At that time, Brady was guarded in his forecast, cautioning viewers that the market could still turn around should N.Y. Exchange computers catch up with possible buy orders, while stressing there had never been a market quite like this before . .

But as the day wore on and the market showed less stability, Brady's special reports reflected the growing importance of the break ...

Speaking of the first, cautionary report, Brady said yesterday, "I think we handled it very responsibly. Dan {Rather} and I talked about it. We had to give the news of the selling but pointed out that it could easily turn around. We tried to bend over backwards and suggested we see what happens at the end of the day" ...

By his report at 4:03 p.m., when the market closed down 508 points with a record 604 million shares sold for the day, Brady and the rest of the country had some of the answer ...

Similarly, NBC anchor Tom Brokaw, in his first major report on the market at 11:30 a.m., said he "threw caution in, we didn't want to cause any panic. I recall urging viewers to pay attention hour by hour and pointed out that with the ticker running late nobody can make a firm prediction" ...

By 4 p.m., after the market bell clanged, economics reporter Mike Jensen would appear with Brokaw to intone that "today will be known as Black Monday" and NBC News consultant Donald Regan would bid "goodbye to the bull market" ...

At ABC News, near the conclusion of an 18-minute report on the Gulf action that began at 12:21 p.m., Peter Jennings commented that in another major story of the day the stock market was "going bananas" and offered explanations widely held in the industry for what was then a 177-point drop in the Dow Jones average ...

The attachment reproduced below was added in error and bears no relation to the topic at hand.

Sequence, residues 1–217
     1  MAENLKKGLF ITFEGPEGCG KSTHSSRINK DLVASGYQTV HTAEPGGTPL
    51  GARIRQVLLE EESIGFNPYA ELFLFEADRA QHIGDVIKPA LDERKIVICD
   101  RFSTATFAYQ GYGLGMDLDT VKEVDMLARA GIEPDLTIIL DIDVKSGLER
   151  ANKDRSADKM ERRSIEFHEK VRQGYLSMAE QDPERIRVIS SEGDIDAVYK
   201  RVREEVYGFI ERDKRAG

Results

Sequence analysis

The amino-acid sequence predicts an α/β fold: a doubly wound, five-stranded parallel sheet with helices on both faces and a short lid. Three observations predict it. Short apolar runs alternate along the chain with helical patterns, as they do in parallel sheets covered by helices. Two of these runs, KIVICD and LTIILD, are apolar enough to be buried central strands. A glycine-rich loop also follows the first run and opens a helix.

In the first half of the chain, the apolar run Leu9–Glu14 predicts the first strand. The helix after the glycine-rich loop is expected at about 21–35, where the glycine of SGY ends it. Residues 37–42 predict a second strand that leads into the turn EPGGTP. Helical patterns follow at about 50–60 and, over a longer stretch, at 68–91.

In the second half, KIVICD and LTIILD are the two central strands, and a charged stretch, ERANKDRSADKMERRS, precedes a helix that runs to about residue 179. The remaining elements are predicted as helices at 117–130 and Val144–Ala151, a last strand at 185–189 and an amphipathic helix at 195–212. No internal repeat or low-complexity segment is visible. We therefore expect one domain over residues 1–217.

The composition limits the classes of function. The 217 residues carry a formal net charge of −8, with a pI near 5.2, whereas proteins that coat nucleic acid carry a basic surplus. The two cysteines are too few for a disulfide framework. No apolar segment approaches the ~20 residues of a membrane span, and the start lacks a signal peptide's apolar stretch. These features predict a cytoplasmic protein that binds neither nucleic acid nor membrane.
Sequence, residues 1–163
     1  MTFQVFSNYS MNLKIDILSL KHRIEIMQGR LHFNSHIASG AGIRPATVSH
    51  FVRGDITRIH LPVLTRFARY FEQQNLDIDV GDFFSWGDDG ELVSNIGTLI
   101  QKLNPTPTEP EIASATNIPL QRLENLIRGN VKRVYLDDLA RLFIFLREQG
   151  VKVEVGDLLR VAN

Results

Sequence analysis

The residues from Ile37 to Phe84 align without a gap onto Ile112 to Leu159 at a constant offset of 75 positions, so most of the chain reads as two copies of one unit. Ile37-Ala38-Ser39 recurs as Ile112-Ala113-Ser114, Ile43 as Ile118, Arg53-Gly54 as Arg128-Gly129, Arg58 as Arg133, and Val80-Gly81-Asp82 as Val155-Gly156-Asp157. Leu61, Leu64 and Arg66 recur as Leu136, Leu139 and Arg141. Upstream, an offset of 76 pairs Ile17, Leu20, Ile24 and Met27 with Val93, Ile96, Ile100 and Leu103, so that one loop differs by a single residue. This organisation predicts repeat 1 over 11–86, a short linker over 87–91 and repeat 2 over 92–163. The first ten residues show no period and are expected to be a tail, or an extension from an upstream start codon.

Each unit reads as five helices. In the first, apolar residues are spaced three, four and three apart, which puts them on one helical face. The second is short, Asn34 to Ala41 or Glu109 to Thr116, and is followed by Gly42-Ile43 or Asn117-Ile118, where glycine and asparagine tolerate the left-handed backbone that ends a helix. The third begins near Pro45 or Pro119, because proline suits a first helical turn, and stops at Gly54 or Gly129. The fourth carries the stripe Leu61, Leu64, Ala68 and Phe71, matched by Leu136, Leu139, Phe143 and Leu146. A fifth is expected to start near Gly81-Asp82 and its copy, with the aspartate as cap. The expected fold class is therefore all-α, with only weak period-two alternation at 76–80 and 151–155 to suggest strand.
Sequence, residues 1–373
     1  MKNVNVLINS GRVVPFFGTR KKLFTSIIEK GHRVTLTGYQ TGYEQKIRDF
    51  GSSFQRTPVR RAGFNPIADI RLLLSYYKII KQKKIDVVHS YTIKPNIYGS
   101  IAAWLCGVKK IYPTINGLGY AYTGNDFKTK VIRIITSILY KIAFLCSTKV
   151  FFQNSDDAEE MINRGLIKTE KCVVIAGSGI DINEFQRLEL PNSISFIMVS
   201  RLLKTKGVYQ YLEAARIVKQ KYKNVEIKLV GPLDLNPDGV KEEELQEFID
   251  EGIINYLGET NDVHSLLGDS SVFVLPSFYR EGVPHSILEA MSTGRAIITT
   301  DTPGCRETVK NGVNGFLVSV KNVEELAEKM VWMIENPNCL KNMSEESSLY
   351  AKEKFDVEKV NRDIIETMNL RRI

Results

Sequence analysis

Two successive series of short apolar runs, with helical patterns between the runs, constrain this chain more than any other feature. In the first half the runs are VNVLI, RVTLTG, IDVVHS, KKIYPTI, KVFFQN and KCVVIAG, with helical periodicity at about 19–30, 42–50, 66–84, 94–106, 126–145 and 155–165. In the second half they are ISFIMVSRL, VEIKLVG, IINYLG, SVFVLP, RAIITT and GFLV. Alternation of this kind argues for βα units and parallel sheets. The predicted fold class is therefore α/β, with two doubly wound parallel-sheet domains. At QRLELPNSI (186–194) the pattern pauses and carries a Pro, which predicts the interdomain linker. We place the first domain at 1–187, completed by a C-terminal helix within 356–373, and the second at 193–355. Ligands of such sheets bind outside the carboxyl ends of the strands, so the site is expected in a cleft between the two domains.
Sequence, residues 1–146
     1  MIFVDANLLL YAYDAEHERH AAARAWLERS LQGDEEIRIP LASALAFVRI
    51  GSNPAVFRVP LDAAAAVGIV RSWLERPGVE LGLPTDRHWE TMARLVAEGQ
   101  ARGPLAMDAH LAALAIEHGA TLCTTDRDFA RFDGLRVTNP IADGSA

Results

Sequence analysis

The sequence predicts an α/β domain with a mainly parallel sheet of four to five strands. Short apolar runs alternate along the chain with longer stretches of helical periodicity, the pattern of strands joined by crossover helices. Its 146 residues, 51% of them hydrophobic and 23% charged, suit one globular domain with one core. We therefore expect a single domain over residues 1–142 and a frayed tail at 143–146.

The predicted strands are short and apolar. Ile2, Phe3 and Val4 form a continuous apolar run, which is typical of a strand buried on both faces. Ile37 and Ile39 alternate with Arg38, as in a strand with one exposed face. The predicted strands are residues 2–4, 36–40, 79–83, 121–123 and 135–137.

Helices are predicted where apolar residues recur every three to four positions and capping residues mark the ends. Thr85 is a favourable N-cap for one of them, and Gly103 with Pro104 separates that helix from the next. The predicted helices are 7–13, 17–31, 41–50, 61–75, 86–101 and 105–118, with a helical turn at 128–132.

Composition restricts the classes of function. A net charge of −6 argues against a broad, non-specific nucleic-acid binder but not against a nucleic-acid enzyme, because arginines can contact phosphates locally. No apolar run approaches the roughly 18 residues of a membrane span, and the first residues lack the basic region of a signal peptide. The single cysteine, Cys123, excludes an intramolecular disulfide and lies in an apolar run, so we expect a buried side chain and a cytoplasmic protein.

At that point, he urged viewers to watch "World News Tonight" in the evening for a full report, adding that the market's performance so far Monday "has been far beyond what people on Friday had thought would happen" ...

By 4 p.m., Jennings would devote a full 12 minutes to the record day on Wall Street ("there's never been a day like this"), stressing that it was not "Black Tuesday" -- the historic day in 1929 when the market crashed to precipitate the Great Depression -- but adding that in addition to selling by the big financial institutions, there has been some panic selling and that "people want to get out" of the market, "whether it's justified or not" ...

Cable News Network was on the air all day yesterday every 15 minutes with reports on the market, starting at 9:15 a.m. ...

Both NBC News and CBS News late yesterday announced specials for last night ...

Even Fox Broadcasting (WTTG here) planned a half-hour special on the market from New York and Washington starting at 11 p.m., sliding the debut of "A Current Affair" by 30 minutes ... the first such spot news special by Fox since it began operating this year ...

In Other News

Overnight ratings in Nielsen's 15 major markets this past weekend showed the first game of the World Series with an 18.0 rating and a 31 percent audience share on Saturday night, with an 18.9/29 on Sunday evening ...

Paul Tully, political director of Massachusetts Gov. Michael Dukakis' campaign for the presidency before resigning in the wake of the Joe Biden "attack video" incident, is now a consultant for "Power House," the upcoming ABC series about an influential Washington public relations firm, scheduled to debut next fall ...

The one-hour drama series will feature ensemble casts and multiple story lines made popular by "Power House's" creators, David Milch, who produced "Hill Street Blues," and John Masisus from "St. Elsewhere" ...

King World, distributors of "The Oprah Winfrey Show," announced yesterday that the Emmy-award winning syndicated show will continue production through the 1990 season ...

Cable News Network reported yesterday that during its "Prime News" telecast Friday night, as little Jessica McClure was rescued from a well in Midland, Tex., the network recorded its highest rating ever ... a 7.4 Nielsen count and a 12 percent audience share, representing 3.1 million cable viewers around the country ...